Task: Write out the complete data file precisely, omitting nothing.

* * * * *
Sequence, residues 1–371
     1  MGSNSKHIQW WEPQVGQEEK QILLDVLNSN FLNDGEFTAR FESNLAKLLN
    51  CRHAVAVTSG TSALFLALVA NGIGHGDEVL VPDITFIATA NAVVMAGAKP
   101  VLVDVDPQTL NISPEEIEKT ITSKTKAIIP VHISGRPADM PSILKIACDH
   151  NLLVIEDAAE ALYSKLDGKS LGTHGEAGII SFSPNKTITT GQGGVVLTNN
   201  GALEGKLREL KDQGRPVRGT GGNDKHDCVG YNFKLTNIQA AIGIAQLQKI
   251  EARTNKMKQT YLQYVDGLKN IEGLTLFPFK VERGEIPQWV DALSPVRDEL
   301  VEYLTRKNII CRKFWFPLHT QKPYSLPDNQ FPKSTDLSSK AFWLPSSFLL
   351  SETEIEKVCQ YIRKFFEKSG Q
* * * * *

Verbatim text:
Sequence, residues 1–371
     1  MGSNSKHIQW WEPQVGQEEK QILLDVLNSN FLNDGEFTAR FESNLAKLLN
    51  CRHAVAVTSG TSALFLALVA NGIGHGDEVL VPDITFIATA NAVVMAGAKP
   101  VLVDVDPQTL NISPEEIEKT ITSKTKAIIP VHISGRPADM PSILKIACDH
   151  NLLVIEDAAE ALYSKLDGKS LGTHGEAGII SFSPNKTITT GQGGVVLTNN
   201  GALEGKLREL KDQGRPVRGT GGNDKHDCVG YNFKLTNIQA AIGIAQLQKI
   251  EARTNKMKQT YLQYVDGLKN IEGLTLFPFK VERGEIPQWV DALSPVRDEL
   301  VEYLTRKNII CRKFWFPLHT QKPYSLPDNQ FPKSTDLSSK AFWLPSSFLL
   351  SETEIEKVCQ YIRKFFEKSG Q